“What is man, that you think of him?” This is a great question. After all, when you consider the entire creation, human beings aren’t much. There are more than seven billion people living on earth at this moment. Best estimates say that there are probably about two hundred billion stars just in our galaxy, the Milky Way. There isn’t even a word to describe the number of stars in the entire universe. Someone has guessed that there are probably about a hundred trillion mosquitoes living on the earth at any one moment. There are about eighty-six million house cats living in the United States, but there is no estimate of how many cats (domestic and wild) might live on the earth. In other words, we are pretty rare in the whole scheme of creation. We are not the largest or the smallest. We aren’t the strongest, fastest or prettiest. We might even argue that we aren’t the smartest. But we were created uniquely in God’s image and charged with the care of all that God has made.
Though we have dominion over the rest of creation, we don’t have much to brag about, do we? Who are we that God would know us, not only as a species but as individuals? Who are we that God would care about each one of us personally? The answer is amazing: we are His, created in His image for a purpose. We are created to be part of a community, to be in relationship, not only with each other but also with the world and with our God. This is pretty amazing.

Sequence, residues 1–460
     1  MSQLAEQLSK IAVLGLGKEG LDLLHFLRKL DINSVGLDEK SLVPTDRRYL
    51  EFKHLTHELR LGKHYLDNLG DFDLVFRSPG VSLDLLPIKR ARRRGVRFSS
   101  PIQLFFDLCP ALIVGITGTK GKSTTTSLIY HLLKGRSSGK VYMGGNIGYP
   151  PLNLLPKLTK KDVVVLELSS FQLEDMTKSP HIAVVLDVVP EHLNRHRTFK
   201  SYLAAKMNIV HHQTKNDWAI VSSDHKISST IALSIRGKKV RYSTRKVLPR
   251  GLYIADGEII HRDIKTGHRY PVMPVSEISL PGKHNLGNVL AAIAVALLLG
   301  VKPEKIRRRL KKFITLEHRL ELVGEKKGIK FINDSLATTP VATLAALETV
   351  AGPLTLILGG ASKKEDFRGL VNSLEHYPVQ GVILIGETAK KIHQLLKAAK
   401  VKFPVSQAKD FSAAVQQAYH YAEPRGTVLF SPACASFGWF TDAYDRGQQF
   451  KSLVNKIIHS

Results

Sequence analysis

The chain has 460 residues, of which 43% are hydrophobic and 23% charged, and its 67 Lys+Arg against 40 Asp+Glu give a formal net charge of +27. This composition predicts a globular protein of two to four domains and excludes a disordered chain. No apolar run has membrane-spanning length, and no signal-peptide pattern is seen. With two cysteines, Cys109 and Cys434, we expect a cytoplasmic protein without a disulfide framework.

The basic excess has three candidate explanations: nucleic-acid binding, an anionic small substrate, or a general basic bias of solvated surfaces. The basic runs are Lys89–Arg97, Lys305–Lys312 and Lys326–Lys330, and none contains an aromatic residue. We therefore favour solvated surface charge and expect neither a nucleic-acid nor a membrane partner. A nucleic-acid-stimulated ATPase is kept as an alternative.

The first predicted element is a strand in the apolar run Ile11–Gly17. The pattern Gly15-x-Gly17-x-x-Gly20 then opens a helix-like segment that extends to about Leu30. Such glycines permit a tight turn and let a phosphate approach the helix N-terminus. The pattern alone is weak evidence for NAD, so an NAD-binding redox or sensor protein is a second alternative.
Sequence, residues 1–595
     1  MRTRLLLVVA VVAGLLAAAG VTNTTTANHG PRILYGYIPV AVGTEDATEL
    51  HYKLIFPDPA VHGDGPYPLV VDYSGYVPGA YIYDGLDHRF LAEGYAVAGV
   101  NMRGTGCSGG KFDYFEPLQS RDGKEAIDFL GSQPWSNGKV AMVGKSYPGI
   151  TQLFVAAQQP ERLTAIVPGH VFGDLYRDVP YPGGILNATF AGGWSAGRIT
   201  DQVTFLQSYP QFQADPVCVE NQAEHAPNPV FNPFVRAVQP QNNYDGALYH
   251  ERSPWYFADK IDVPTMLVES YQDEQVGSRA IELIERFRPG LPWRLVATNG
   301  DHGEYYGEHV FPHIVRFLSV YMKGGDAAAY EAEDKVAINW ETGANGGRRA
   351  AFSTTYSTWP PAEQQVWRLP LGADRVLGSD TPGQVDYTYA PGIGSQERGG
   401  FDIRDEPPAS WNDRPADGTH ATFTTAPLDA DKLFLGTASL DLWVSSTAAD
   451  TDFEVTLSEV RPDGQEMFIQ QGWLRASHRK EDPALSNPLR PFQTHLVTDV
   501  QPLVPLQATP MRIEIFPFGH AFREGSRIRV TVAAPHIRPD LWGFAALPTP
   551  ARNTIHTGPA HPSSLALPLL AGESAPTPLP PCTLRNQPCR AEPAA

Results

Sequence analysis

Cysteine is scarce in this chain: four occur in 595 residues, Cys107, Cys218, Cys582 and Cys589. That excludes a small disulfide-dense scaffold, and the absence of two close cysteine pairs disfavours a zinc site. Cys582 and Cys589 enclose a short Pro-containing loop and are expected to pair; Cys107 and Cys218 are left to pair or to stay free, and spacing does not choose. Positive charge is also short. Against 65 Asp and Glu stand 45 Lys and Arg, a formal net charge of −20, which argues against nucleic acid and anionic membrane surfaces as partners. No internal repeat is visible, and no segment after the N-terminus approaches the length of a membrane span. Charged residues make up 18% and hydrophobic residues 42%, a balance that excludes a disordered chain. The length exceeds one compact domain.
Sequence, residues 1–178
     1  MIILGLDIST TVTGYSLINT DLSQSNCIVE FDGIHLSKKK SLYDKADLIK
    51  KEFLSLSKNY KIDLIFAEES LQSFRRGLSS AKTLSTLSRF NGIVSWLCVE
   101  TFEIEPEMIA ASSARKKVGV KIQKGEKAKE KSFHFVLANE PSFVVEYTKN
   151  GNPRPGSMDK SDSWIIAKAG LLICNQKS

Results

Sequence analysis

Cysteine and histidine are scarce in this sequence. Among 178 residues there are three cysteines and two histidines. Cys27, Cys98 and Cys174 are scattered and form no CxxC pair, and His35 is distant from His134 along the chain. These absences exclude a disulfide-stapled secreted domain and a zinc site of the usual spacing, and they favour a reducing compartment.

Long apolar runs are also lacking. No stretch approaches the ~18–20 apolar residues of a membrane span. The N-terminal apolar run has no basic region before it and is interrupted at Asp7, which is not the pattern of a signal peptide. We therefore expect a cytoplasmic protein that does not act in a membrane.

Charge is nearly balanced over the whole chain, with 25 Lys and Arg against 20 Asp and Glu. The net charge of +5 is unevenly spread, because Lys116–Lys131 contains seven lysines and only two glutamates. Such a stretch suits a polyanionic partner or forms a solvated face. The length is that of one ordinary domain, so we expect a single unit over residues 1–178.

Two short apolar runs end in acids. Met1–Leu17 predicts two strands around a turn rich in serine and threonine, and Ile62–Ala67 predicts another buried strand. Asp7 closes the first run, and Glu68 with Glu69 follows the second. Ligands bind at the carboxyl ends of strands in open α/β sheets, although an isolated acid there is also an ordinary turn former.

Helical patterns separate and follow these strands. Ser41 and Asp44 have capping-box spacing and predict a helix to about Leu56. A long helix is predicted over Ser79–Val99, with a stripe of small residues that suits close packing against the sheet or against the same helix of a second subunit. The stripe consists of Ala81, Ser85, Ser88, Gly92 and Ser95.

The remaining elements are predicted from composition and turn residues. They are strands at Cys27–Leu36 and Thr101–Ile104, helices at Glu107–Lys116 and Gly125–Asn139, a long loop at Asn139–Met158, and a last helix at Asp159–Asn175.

When the writer of Hebrews asks “What is man, that you think of him?” he is quoting a psalm with one particular human in mind: the new Adam, through whom all things were made. Men and women were given dominion over all creation, but we haven’t done a very good job. We have not been the best caretakers of all that God has given us. This is not simply an environmental concern or a question over the care of the animals. We fail with our human relationships, too. We use our power and resources in the wrong ways. We take advantage of others. We don’t share what we have with our neighbors. We are sad and broken people, in need of someone to show us how it should be done. But we need more than just a good example. We need a Savior.
Jesus, the new Adam, being an exact imprint of God’s being, a reflection of His glory, sustains all things by His powerful Word. He could have made the world perfect with a word, taking all fear and pain away by His grace. Yet, the plan to restore God’s people to one another, to the creation and to God required something more than a word. God established a new covenant, a covenant that we could not break, a covenant that was established in and through His own Son, Jesus the Christ, who was born among men to suffer and die for our sake. Then He was raised into new life to be the first of God’s children crowned in glory.